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Markets

Stocks peak on vaccine, U.S. stimulus and Brexit deal hopes; dollar slumps

  • Europe's strong open saw stocks rise 1pc to nine-month highs, with the UK's FTSE 100 index jumping 1.3pc.
Published December 16, 2020

LONDON: World stocks rose to record highs on Wednesday while the safe-haven dollar reached its lowest in more than two and a half years on the prospect of effective coronavirus vaccines and more U.S. fiscal stimulus.

European stocks and the euro also got a boost after PMI economic data came in better than expected and the European Central Bank decided on Tuesday to let euro zone banks start paying dividends again if they have enough capital.

Markets will look to the U.S. Federal Reserve later to see whether it hints at an extension of its stimulus programme and it thinks the economy will suffer a double-dip recession or is on the cusp of a vaccine-inspired boom.

"We are not expecting a lot of fireworks from the Fed today - they have already engineered very easy monetary conditions and the tone of their messaging has been persistently dovish," said Marija Vertimane, senior strategist at State Street Global Markets. "This is unlikely to change ... in this meeting."

Europe's strong open saw stocks rise 1pc to nine-month highs, with the UK's FTSE 100 index jumping 1.3pc.

The MSCI world stock index rose 0.4pc to a record high of 636.64.

The index has climbed 15pc since the beginning of November, propelled by trillions of dollars worth of global stimulus and more positive outlook.

MSCI broadest index of Asia Pacific shares outside of Japan had followed Wall Street's latest rise to end 0.9pc higher.

The region is also near record highs and up 3.8pc so far in December putting it track for its best yearly performance since 2017.

E-mini futures for the S&P 500 were up 0.25pc, after the Dow rose 1.1pc overnight and the S&P 500 and the Nasdaq climbed 1.3pc each..

Optimism over a $1.4 trillion U.S. spending package increased after House of Representatives Speaker Nancy Pelosi invited other congressional leaders to meet late on Tuesday to put together a deal to be enacted this week.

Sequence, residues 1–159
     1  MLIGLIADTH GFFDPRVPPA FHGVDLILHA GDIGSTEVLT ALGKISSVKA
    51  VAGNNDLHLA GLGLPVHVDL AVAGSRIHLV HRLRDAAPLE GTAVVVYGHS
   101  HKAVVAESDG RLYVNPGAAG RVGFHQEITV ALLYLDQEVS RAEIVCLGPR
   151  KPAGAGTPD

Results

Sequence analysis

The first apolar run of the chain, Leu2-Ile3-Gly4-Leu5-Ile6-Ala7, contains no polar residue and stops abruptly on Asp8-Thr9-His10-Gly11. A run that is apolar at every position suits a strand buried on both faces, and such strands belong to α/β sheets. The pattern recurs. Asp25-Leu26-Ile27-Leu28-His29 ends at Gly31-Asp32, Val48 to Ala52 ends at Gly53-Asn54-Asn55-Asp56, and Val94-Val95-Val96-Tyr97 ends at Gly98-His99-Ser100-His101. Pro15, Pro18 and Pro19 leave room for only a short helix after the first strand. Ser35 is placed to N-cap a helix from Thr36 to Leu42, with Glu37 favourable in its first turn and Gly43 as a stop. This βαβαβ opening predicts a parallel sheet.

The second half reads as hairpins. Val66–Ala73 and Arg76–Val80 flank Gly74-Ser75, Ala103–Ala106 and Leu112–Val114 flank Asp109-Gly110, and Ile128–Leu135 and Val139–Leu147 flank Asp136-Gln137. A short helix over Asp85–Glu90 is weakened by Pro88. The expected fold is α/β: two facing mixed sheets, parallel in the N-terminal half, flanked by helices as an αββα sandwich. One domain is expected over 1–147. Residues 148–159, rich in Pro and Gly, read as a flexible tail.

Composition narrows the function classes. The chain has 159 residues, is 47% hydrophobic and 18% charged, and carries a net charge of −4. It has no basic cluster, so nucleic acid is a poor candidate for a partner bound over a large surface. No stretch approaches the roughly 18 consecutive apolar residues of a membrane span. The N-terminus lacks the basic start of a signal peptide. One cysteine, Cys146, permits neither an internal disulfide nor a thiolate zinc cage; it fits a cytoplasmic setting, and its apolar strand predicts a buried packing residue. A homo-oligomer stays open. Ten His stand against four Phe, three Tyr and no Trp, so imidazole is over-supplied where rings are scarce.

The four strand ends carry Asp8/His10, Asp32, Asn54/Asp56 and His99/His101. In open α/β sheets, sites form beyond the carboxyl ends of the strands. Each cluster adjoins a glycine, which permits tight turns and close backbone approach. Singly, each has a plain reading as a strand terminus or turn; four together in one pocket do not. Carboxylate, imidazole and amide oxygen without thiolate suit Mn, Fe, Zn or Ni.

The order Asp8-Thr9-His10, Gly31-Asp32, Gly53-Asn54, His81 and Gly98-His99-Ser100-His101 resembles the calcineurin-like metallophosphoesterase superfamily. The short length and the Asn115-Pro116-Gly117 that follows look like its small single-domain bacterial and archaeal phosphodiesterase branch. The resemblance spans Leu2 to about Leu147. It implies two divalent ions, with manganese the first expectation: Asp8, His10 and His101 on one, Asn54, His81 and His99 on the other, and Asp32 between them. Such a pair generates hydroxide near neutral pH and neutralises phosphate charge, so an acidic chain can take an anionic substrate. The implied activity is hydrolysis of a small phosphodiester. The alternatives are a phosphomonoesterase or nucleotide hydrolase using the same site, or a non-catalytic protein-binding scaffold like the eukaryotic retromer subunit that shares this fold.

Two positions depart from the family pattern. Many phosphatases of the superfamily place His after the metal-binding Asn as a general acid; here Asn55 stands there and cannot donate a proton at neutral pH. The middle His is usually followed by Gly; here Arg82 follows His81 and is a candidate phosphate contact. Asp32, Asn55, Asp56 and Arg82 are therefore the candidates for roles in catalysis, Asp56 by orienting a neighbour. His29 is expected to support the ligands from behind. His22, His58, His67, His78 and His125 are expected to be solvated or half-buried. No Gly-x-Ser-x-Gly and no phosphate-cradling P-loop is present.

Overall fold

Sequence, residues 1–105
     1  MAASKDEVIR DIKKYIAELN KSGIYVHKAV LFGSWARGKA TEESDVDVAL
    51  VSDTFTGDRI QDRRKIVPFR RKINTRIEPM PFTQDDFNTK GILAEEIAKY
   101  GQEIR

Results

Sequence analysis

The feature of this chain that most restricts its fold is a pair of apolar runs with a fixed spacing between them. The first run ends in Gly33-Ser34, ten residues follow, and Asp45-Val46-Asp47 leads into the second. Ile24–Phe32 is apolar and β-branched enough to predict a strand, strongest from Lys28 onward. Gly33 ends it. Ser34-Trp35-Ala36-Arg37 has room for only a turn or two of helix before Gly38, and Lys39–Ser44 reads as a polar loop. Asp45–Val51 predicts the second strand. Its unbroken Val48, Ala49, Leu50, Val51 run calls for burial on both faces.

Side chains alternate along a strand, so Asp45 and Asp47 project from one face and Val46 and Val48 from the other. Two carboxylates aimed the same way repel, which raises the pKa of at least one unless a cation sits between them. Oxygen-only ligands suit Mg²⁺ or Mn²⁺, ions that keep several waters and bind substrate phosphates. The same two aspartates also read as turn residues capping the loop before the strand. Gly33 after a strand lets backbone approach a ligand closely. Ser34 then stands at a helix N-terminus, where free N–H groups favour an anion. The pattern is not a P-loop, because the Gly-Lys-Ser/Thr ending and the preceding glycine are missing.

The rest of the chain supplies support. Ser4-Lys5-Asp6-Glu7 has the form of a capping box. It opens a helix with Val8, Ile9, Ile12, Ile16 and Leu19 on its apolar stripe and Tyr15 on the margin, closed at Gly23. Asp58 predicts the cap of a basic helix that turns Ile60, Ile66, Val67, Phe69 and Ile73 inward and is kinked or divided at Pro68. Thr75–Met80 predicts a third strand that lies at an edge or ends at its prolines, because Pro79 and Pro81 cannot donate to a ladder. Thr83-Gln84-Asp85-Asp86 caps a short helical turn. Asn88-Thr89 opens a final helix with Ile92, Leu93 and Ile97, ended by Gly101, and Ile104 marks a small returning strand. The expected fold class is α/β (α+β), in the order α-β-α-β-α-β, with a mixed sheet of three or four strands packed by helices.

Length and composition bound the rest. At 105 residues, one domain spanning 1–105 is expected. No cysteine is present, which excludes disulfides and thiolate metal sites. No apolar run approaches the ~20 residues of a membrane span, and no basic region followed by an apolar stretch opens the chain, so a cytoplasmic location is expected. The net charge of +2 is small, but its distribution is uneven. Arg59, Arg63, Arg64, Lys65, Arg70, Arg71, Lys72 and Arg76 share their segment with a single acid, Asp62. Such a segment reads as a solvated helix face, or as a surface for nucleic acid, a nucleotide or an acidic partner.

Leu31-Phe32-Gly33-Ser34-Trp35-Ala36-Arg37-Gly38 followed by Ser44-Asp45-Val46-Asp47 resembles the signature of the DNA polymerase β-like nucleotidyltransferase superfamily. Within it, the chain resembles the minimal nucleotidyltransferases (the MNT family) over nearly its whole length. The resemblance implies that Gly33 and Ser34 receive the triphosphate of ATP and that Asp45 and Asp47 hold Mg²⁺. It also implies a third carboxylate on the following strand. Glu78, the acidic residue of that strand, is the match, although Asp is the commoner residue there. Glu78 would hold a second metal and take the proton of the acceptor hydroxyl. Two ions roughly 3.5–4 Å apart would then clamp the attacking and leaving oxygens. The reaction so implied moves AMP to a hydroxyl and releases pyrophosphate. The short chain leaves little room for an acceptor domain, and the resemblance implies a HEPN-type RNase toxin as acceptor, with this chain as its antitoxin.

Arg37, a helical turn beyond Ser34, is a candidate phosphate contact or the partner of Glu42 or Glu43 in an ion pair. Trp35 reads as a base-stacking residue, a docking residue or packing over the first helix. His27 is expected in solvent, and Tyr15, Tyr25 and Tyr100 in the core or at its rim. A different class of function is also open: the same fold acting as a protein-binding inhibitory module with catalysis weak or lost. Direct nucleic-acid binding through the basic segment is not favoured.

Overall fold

"The odds are that this deal is more than the $500 billion the Republicans proposed and likely less than the $900 billion of the joint Republican/Democrat committee proposal," said Sebastien Galy, macro strategist at Nordea Asset Management. "It is rightfully welcomed by the markets, but the size of the fiscal package is the issue."

SHOT IN THE ARM

Progress on rolling out vaccines continued after Moderna Inc's COVID-19 vaccine appeared set for regulatory authorization this week.

The United States also expanded its rollout of the newly approved vaccine developed by Pfizer Inc. and BioNTech SE.

Analysts expect guidance later in the day on when and how the Fed might change its bond purchases.

The dollar fell to its lowest since April 2018 against a basket of currencies. Derek Halpenny, MUFG's head of research, said that "underlines high expectations that the Fed will today deliver a message of continued loose monetary policy for a considerable period to come".

The euro rose above $1.22 for the first time since April 2018 and euro zone bond yields edged up, after data showed better-than-expected business activity in the bloc this month.

The pound rose to 12-day highs against the dollar and a one-week high against the euro.

It gained after European Commission President Ursula von der Leyen said there was progress on a Brexit trade deal and the next few days would be critical.

The dollar fell to a month-and-half low of 103.30 against the Japanese yen.

In Asia, stock markets gained. Australian shares rose 0.8pc, South Korea's KOSPI was up 0.4pc and Japan's Nikkei added 0.2pc.

China's blue-chip CSI 300 index added 0.15pc and Hong Kong's Hang Seng index climbed 0.86pc.

In commodities, gold prices rose 0.4pc to $1,860.20 an ounce.

Gold has risen over 22pc so far this year amid unprecedented government stimulus globally.

Brent crude slipped 3 cents to $50.73 a barrel and U.S. crude fell 1 cent to $47.61.

They were undercut by a surprise gain in crude oil inventories in the United States and persistent investor worries about demand for fuel being squeezed amid tighter lockdowns in Europe to counter the coronavirus pandemic.

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